Regarding the existing legal framework, there are numerous international and regional agreements which address child labour. In the case of Somalia, it is problematic that the state has ratified only a few of these documents. Consequently, documents which have not been ratified will not be applied in national law and cannot take effect in Somali society. International key documents include protocols of the International Labor Organization (ILO) such as the Minimum Age for Admission to Employment Convention (C 138), which is not yet ratified by Somalia or the Convention Concerning the Prohibition and Immediate Action for the Elimination of the Worst Forms of Child Labor (C 182) which, on the other hand, has been ratified by Somalia. So has been the UN Convention on the Rights of the Child (CRC).  At the regional level of the African Union the African Charter on Human and Peoples’ Rights (Banjul Charter) is the only treaty regarding child labour Somalia has ratified. The Protocol on the Rights of Women in Africa (Maputo Protocol), as well as the African Charter on the Rights and Welfare of the Child (ACRC) and the African Youth Charter (AYC) are also important regional treaties when it comes to child labour, but they have not been ratified by Somalia.[7] At the national level, it is worth mentioning that the Somali Constitution of 2012 refers to child labour in Article 29 (3): “No child may perform work or provide services that are not suitable for the child’s age or create a risk to the child’s health or development in any way.”[8] In addition, there are some policies that combat child labor. These include the Child Soldier Action Plan, the National Development Plan, and the United Nations Strategic Framework

As we can see, there is a legal framework in place regarding child labour, albeit one that can still be developed further.[9] Nonetheless, no legal framework can take effect without ratification. Therefore, an important step for the future must be, that Somalia ratifies existing international and regional agreements and also adheres to them. The worst form of child labour must be banned. Children have the right to grow up in a child-friendly environment. Under no circumstances children should have to do work that affects their physical or mental well-being. In most cases, child labour has a serious negative impact on children’s development, which they have to deal with for the rest of their lives. And yet, the Somali government is currently very reluctant to act, although in order to bring about long-term change, the government in particular must become more involved. A comprehensive legal framework is already in existence, ratification must follow and more importantly, implementation must be guaranteed. The state must do everything in its power to ensure that degrading and dangerous child labour is prohibited by law and that the respective authorities ensure the protection of children’s rights.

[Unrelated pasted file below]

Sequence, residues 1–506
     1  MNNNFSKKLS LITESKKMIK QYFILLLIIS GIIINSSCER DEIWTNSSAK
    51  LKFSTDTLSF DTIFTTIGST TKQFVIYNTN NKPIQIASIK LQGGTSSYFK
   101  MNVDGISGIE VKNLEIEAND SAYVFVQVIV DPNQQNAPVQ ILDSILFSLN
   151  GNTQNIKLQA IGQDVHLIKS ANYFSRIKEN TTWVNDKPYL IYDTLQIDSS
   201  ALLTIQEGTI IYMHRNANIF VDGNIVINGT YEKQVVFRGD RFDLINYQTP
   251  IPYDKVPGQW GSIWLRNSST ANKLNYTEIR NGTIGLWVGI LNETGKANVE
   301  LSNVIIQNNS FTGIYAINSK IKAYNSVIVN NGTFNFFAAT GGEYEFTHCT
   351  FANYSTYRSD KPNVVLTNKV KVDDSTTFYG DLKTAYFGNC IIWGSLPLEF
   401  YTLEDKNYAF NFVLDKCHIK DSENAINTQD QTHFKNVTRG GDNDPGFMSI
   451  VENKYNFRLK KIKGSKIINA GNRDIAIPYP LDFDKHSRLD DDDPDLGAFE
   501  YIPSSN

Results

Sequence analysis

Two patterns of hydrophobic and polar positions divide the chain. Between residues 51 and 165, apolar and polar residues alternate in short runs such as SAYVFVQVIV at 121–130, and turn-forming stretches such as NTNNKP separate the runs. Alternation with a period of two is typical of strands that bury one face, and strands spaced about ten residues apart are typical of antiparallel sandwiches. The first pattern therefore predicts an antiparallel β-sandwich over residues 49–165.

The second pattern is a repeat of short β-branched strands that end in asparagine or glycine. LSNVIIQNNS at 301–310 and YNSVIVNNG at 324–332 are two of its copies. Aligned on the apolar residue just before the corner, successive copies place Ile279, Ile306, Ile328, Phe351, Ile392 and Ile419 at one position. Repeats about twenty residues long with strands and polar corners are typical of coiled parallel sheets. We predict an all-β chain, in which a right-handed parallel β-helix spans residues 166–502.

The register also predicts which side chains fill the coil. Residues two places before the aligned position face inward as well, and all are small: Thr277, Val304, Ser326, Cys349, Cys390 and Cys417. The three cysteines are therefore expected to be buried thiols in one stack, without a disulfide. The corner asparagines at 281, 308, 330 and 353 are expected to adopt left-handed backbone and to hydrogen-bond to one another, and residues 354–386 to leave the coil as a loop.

Lisa Strube is a former student assistant at the Chair of African Legal Studies at the University of Bayreuth. At the moment she is persuing her Master degree of Human Rights Studies at the University of Fulda.


[1] Cf. UNICEF (n.d.).

[2] See: Is Civil War Coming to Somalia? – africanlegalstudies.blog

[3] Cf. Balthasar, D., (2020).

[4] Cf. US Department of Labor (2019), p. 1.

[5] US Department of Labor (2019), p. 1.

[6] Cf. Balthasar, D., (2020).

[7] Cf. US Department of Labor (2019), p. 3f.

[8] Somali Constitution 2012, Art. 29 (3).

[9] Cf. US Department of Labor (2019), p. 6f.